The wizard Alder comes from Roke to the island of Gont in search of the Archmage, Lord Sparrowhawk, once known as Ged. The man who was once the most powerful wizard in the Islands now lives with his wife Tenar and their adopted daughter Tehanu. Alder needs help: his beloved wife died and in his dreams she calls him to the land of the dead - and now the dead are haunting him, begging for release. He can no longer sleep, and the Wizards of Earthsea are worried.
But there is more at stake than the unquiet rest of one minor wizard: for the dragons of Earthsea have arisen, to reclaim the lands that were once theirs. Only Tehanu, herself daughter of a dragon, can talk to them; it may be that Alder's dreams hold the key to the salvation of Earthsea and all the peoples who live there.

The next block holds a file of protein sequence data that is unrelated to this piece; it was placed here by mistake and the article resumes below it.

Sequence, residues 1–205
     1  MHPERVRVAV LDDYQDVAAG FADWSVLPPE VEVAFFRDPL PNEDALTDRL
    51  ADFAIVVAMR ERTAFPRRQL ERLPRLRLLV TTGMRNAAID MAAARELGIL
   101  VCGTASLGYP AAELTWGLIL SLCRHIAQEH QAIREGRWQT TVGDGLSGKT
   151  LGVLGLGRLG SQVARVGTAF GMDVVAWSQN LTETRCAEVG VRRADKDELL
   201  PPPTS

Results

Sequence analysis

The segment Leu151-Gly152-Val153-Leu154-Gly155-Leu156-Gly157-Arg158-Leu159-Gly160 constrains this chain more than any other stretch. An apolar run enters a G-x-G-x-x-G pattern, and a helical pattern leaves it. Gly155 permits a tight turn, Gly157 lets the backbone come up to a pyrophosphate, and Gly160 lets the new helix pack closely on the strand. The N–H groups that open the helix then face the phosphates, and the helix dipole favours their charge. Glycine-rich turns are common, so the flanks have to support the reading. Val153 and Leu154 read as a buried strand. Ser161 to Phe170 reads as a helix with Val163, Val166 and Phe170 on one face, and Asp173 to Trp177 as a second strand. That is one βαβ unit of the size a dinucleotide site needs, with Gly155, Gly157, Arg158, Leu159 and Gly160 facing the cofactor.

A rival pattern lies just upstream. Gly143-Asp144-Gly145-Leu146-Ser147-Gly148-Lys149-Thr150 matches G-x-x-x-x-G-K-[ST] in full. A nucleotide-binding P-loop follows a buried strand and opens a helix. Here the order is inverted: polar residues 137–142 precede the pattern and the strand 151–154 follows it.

What a year it's been for Le Guin. First, there was The Telling, the widely praised new novel in her Hainish sequence, followed by Tales from Earthsea, a collection of recent short fiction in her other major series. Now she returns with a superb novel-length addition to the Earthsea universe, one that, once again, turns that entire series on its head. Alder, the man who unwittingly initiates the transformation of Earthsea, is a humble sorcerer who specializes in fixing broken pots and repairing fence lines, but when his beloved wife, Lily, dies, he is inconsolable. He begins to dream of the land of the dead and sees both Lily and other shades reaching out to him across the low stone wall that separates them from the land of the living. Soon, more general signs and portents begin to disturb Earthsea. The dragons break their long-standing truce and begin to move east. The new ruler of the Kargad Lands sends his daughter west in an attempt to wed her to King Lebannen. Even Ged, the former archmage, now living in peaceful, self-imposed exile on Gont, starts to have disturbing dreams. In Tehanu (1990), the fourth book in the series,Le Guin rethought the traditional connection between gender and magic that she had assumed in the original Earthsea trilogy. In her new novel, however, she reconsiders the relationship between magic and something even more basic: life and death itself. This is not what 70-year-old writers of genre fantasy are supposed to do, but then, there aren't many writers around like Le Guin. FYI:In addition to five Hugo and five Nebula awards, Le Guin has won a National Book Award, the Kafka Award and a Pushcart Prize.